Good Monday morning Caps fans, hoping you all are getting ready for a productive and positive week ahead. Here in the U.S. we are celebrating the holiday honoring Martin Luther King Jr.’s life and legacy. Here’s to all of us spending some time today reflecting on our place in the world and how we can make it a better, more just place.
It has been a busy morning of MLS news already, with two coaching hires finalized by DC United and Inter Miami. Combined with Toronto FC tapping Chris Armas as their new manager in recent days, the three clubs all took very distinct routes to arrive at new leadership.
DC United tapped Beerschot skipper Hernán Losada, who was a bit of a journeyman midfielder prior to coaching in Belgium. By all accounts, the 38-year-old did a job with Beerschot and will likely have more resources available to him in DC (how much more is always an open question with that team, however). He is, like many Argentines, a devotee of Marcelo Bielsa, which should make things a bit more interesting after a fairly drab year for DC.
Inter Miami, meanwhile, went for the spectacular, confirming their long-rumored interest in Phil Neville to make the England Women’s National Team coach their skipper after Diego Alonso was disposed of following a disappointing inaugural season.
Setting aside the baffling move of casting aside Alonso when it didn’t seem like it was his fault that things never got out of neutral, the Neville hire seems to be a pretty awful one. The extent to which the Lionesses succeeded seemed to be more in spite of Neville’s coaching, rather than because of it.
The Guardian had an article a few weeks ago basically wondering aloud how Neville keeps failing up and one has to wonder if any connections with a former English mate, Beckham, played a role in Inter Miami passing on trying to find a higher upside manager, potentially from Latin America.
The Armas hire meanwhile is a familiar one to MLS fans and is the kind of hire you see in the EPL and leagues around the world: the veteran manager who keeps finding jobs even when they indisputably failed at their last one, just because they understand the lay of the land in a given league.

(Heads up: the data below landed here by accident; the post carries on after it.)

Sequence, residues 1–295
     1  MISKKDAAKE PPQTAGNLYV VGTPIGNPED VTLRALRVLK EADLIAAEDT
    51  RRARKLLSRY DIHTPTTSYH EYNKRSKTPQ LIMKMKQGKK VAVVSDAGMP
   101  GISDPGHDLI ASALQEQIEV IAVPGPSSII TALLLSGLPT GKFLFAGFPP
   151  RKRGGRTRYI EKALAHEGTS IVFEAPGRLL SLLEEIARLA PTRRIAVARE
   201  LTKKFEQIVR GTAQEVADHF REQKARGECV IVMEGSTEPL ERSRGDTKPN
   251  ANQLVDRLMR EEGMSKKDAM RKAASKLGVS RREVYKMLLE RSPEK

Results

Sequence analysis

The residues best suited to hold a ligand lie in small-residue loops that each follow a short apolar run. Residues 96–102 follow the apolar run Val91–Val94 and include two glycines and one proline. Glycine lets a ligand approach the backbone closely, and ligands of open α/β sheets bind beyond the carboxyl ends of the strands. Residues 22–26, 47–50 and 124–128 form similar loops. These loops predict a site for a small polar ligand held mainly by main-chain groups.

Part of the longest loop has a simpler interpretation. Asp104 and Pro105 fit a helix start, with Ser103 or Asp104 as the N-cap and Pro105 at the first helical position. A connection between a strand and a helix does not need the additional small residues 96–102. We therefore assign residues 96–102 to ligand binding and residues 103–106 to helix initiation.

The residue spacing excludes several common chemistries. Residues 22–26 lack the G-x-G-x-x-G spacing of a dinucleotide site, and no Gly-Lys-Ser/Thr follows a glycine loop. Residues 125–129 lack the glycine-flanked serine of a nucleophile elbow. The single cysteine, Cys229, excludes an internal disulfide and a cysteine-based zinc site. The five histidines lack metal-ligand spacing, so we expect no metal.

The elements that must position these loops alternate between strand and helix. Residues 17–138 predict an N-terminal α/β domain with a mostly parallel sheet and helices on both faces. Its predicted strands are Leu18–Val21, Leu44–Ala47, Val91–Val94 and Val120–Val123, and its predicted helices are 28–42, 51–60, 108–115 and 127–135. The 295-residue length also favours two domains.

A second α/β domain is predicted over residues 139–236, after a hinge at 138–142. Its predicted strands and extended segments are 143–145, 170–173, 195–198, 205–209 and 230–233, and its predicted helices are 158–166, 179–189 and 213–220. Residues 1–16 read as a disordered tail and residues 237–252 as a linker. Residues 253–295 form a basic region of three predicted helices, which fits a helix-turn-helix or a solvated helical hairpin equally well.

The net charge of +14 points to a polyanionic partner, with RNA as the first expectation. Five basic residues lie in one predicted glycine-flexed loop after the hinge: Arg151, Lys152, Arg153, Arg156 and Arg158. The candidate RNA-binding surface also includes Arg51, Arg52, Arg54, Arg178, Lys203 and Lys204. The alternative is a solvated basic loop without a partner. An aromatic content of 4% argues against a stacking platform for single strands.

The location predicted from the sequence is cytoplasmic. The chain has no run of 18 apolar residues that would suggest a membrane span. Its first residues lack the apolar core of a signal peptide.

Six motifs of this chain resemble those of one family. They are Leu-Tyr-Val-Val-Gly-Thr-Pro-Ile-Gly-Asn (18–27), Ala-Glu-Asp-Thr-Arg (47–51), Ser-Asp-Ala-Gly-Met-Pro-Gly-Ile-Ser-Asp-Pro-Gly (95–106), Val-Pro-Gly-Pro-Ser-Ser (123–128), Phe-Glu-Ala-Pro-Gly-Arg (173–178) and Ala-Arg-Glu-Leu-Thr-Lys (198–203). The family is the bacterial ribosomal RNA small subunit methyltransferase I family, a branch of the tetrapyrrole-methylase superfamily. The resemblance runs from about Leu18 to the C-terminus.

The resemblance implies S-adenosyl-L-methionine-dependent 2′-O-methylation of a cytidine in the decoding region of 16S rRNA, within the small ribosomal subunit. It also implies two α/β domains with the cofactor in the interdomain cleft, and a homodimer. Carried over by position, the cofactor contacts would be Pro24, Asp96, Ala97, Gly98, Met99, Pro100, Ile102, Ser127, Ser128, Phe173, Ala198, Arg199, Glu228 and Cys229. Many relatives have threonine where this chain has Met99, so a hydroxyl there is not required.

These paths are the three main ones available to clubs right now. There is also the one which LA Galaxy chose — find an MLS veteran who actually has a proven track record of success. This would seemingly be the top choice and one only has to look as far as Columbus Crew to see why. If you can lure a top MLS coach to your team, that is a big advantage given the league’s Byzantine nature.
But absent that, why recycle the same guys over and over again? The only times I can remember these hires working out are Adrian Heath in Minnesota and Oscar Pareja in Orlando. Generally, however, hiring Jason Kreis for the billionth time is not going to be what gets your franchise over the hump. It might work out alright for Toronto because, let’s face it, anyone with a decent grounding in Football Manager could probably get them to the playoffs. But for a team like, say, the Whitecaps, it is a recipe for disaster.
Doing what DC United did (or NYCFC with Viera)? Well, that is a better idea. MLS has made its bones by finding up and coming young players in those second-tier leagues who are looking to make a step up. Why not embrace that same tact with coaches?
Sure, different teams have different personalities. Miami may want the same kind of splashy hire that has defined its Designated Player search. But for the overwhelming number of teams who are not as ambitious as Inter, thinking outside the box is the way to go. Yeah, it could end in failure. But so could hiring a guy like Chris Armas.
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